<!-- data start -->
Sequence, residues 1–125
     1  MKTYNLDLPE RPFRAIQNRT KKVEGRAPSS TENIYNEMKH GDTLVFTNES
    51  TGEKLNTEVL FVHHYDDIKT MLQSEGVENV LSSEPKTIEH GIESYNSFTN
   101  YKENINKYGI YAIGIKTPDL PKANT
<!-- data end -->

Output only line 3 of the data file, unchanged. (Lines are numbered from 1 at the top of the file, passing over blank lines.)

    51  TGEKLNTEVL FVHHYDDIKT MLQSEGVENV LSSEPKTIEH GIESYNSFTN